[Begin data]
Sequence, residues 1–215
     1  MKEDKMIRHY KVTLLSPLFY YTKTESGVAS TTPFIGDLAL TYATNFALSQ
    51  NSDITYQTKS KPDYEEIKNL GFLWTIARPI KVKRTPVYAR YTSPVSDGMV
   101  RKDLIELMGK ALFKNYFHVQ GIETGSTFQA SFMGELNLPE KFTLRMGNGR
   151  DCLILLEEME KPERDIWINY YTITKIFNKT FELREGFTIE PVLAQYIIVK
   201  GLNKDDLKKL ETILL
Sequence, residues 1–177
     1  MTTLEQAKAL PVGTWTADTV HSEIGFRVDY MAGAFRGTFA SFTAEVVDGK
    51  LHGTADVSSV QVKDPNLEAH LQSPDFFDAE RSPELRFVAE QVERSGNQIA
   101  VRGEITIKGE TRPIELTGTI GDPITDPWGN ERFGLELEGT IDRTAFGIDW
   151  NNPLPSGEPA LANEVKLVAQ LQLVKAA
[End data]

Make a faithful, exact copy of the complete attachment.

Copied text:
Sequence, residues 1–215
     1  MKEDKMIRHY KVTLLSPLFY YTKTESGVAS TTPFIGDLAL TYATNFALSQ
    51  NSDITYQTKS KPDYEEIKNL GFLWTIARPI KVKRTPVYAR YTSPVSDGMV
   101  RKDLIELMGK ALFKNYFHVQ GIETGSTFQA SFMGELNLPE KFTLRMGNGR
   151  DCLILLEEME KPERDIWINY YTITKIFNKT FELREGFTIE PVLAQYIIVK
   201  GLNKDDLKKL ETILL
Sequence, residues 1–177
     1  MTTLEQAKAL PVGTWTADTV HSEIGFRVDY MAGAFRGTFA SFTAEVVDGK
    51  LHGTADVSSV QVKDPNLEAH LQSPDFFDAE RSPELRFVAE QVERSGNQIA
   101  VRGEITIKGE TRPIELTGTI GDPITDPWGN ERFGLELEGT IDRTAFGIDW
   151  NNPLPSGEPA LANEVKLVAQ LQLVKAA